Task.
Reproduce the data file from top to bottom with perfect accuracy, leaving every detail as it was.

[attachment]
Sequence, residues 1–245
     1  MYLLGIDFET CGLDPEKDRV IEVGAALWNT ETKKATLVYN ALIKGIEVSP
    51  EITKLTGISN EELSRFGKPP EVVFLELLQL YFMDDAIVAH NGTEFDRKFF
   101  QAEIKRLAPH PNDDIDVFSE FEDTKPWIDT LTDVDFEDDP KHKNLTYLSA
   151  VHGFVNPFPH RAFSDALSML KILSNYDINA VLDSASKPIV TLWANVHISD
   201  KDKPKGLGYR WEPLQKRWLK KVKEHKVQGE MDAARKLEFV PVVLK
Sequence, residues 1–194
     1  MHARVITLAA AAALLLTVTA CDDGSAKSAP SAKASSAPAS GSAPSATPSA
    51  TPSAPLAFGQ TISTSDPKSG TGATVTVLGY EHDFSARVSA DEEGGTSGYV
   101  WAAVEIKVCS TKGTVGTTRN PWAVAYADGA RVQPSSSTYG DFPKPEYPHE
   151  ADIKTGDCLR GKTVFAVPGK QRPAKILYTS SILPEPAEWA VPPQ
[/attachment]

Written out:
Sequence, residues 1–245
     1  MYLLGIDFET CGLDPEKDRV IEVGAALWNT ETKKATLVYN ALIKGIEVSP
    51  EITKLTGISN EELSRFGKPP EVVFLELLQL YFMDDAIVAH NGTEFDRKFF
   101  QAEIKRLAPH PNDDIDVFSE FEDTKPWIDT LTDVDFEDDP KHKNLTYLSA
   151  VHGFVNPFPH RAFSDALSML KILSNYDINA VLDSASKPIV TLWANVHISD
   201  KDKPKGLGYR WEPLQKRWLK KVKEHKVQGE MDAARKLEFV PVVLK
Sequence, residues 1–194
     1  MHARVITLAA AAALLLTVTA CDDGSAKSAP SAKASSAPAS GSAPSATPSA
    51  TPSAPLAFGQ TISTSDPKSG TGATVTVLGY EHDFSARVSA DEEGGTSGYV
   101  WAAVEIKVCS TKGTVGTTRN PWAVAYADGA RVQPSSSTYG DFPKPEYPHE
   151  ADIKTGDCLR GKTVFAVPGK QRPAKILYTS SILPEPAEWA VPPQ